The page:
Across the street from a Walgreens near a bust intersection in Boyle Heights, Estela Rodriguez flipped through pictures of her dead son inside his casket, showing anyone willing to see Edwin Rodriguez’s bruised face.
Edwin Rodriguez, 24, was fatally shot Feb. 14 by a Los Angeles County sheriff’s deputy who believed he was reaching for his gun. That same month, 16-year-old Jose “Peruzzi” Mendez was shot and killed by police who pulled him over for driving a stolen car and saw he was armed with a sawed-off shotgun.
Now, this week’s police-involved shooting of 14-year-old Jesse Romero is taking Estela Rodriguez back to the day her son was killed. But this time, she's refusing to sink back into sadness.
“It’s time to unite and defend our kids,” she yelled through a loudspeaker at a vigil for Romero Wednesday. “To all the moms hiding in their pain, come out and fight for your kids.”
In the wake of Romero’s shooting on Tuesday, parents of other men shot by police and organizers came out to denounce their deaths, accusing officers of excessive force against Latinos and making connections to the Black Lives Matter movement.
According to The Guardian’s The Counted project which tracks people killed by police, in 2016 out of 653 people killed, 107 were Latino, 166 were black, and 321 were white. When you take population into account per million, Native Americans, black, and Latino people were more likely to be killed by police.
Sol Marquez, an organizer with Centro CSO a Los Angeles-based group advocating for undocumented immigrants and social justice, said Romero’s shooting is part of a larger trend of police shootings of Latino men.
“It’s definitely not a new trend, it’s a trend that’s been going on for decades,” Marquez told BuzzFeed News. “These shootings don’t get as much attention as similar shootings in other places.”
A large reason why Latinos haven’t been able to harness the same amount of attention as Black Lives Matter is likely due to the fact that are many undocumented immigrants in the community where the shootings occur, Marquez said.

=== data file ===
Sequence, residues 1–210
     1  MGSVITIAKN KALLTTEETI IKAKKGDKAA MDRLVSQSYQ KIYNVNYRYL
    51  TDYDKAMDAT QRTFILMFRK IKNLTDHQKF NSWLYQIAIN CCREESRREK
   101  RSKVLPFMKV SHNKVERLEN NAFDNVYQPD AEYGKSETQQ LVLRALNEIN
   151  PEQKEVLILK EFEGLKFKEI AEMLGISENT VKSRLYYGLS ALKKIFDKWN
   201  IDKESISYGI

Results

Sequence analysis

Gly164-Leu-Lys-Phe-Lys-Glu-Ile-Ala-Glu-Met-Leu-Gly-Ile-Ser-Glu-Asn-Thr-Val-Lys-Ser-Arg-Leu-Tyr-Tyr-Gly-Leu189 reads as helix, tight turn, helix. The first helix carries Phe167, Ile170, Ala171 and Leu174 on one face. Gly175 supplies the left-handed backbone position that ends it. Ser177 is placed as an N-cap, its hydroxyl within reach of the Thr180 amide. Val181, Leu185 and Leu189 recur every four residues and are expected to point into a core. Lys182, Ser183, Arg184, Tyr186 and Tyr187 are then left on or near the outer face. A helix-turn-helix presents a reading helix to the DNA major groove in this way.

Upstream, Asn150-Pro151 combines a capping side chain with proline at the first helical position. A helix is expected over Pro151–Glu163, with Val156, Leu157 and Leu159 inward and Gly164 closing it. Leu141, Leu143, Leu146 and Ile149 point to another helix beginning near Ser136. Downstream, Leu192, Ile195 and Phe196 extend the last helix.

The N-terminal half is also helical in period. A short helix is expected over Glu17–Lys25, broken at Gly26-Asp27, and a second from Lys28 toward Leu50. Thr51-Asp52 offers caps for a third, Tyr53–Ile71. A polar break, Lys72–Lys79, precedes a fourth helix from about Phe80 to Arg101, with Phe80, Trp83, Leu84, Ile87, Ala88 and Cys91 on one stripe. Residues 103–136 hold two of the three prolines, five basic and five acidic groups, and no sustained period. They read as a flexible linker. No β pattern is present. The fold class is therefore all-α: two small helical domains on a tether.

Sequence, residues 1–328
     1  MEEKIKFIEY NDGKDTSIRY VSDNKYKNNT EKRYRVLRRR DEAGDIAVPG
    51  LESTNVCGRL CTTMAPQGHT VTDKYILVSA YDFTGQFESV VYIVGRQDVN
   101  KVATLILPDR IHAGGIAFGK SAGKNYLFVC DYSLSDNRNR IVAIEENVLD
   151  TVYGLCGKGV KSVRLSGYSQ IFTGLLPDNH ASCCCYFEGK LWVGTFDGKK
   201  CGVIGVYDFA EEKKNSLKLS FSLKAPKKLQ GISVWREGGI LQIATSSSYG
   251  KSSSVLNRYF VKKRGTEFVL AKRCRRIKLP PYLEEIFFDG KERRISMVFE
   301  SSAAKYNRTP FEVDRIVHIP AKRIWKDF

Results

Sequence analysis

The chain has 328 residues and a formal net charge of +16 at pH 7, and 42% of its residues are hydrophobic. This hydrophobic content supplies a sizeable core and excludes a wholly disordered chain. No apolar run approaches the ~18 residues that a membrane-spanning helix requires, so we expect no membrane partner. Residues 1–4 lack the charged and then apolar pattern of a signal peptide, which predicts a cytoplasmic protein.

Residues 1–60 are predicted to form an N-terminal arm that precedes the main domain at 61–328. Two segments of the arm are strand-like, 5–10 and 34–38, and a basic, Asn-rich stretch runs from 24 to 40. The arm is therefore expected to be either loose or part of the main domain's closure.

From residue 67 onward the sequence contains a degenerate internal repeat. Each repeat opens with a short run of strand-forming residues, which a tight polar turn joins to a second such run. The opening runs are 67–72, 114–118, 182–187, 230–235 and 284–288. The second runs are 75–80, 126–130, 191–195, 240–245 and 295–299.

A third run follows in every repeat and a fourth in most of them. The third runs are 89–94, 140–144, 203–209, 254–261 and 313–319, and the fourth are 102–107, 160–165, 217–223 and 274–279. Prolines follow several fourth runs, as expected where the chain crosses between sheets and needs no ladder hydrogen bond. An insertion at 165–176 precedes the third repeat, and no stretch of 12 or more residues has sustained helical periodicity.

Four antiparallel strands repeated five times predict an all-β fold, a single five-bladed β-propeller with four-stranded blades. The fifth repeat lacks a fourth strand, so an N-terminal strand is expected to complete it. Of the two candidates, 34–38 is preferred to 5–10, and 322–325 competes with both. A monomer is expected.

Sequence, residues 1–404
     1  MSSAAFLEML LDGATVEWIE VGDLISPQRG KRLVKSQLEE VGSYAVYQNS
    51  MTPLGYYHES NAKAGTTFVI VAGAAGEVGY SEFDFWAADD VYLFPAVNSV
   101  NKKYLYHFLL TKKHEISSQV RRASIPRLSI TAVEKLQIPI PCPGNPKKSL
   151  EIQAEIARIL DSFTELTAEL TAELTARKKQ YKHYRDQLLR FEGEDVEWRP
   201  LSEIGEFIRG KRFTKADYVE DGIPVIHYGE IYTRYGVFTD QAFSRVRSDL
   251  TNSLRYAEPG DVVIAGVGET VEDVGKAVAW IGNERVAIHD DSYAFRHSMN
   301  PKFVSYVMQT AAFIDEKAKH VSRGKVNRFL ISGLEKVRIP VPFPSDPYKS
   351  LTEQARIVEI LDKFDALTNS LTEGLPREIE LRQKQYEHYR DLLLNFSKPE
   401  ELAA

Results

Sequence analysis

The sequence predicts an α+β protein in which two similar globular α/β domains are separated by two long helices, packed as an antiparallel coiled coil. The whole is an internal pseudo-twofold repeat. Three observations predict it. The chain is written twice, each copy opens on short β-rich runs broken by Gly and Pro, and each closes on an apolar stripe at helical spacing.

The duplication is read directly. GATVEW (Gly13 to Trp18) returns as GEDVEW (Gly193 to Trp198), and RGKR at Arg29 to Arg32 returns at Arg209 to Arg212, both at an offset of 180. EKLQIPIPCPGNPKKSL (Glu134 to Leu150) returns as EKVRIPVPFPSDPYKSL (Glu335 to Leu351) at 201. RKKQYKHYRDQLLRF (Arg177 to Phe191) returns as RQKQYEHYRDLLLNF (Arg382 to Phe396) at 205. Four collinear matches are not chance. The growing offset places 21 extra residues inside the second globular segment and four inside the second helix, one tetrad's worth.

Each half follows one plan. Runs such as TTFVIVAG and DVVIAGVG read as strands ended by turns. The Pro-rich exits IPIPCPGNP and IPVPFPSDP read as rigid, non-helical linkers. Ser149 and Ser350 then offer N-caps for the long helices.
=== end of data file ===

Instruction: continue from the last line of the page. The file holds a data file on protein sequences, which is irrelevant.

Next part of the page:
But Marque believes that’s changing as Latinos increasingly see a connection between Black Lives Matter and their fight to improve their neighborhoods.
“We battle police brutality on a daily basis,” Marquez said. “We're uniting more than ever before.”
Romero was shot Tuesday afternoon after LAPD officers responded to a call for possible gang-related vandalism in Boyle Heights at about 5:30 p.m. When the officers arrived, they saw two male suspects.
One of them was detained, but Romero ran, prompting a police chase. The LAPD said Romero shot at the officers with a handgun, prompting one of them to fire back, fatally striking him.
The Los Angeles Times reported that a witness contradicted the police department’s account, saying that Romero didn’t shoot at the cops and instead threw the gun toward a fence before he was shot.
At Romero’s vigil Wednesday people in the crowd held up signs that read, “It won't stop until we stop it,” “Stop killing our sons,” and “Blue lives murder.” When police peddled behind the group on bicycles, the crowd started screaming “Murderers” at them.
Monica Garcia, Romero’s friend hopes he wont only be remembered the way he died. Garcia said she couldn’t deny that Romero was involved in gangs but maintained that he was more than that.
“He was respectful and kind,” Garcia said. “Even if he had a gun, I don’t believe he would’ve shot at a cop.”
Near the end of the night, Estela Rodriguez, the mother of Edwin Rodriguez, said she would keep defending her son.
“He may not have been worth anything to them, but he was worth everything to me,” she said.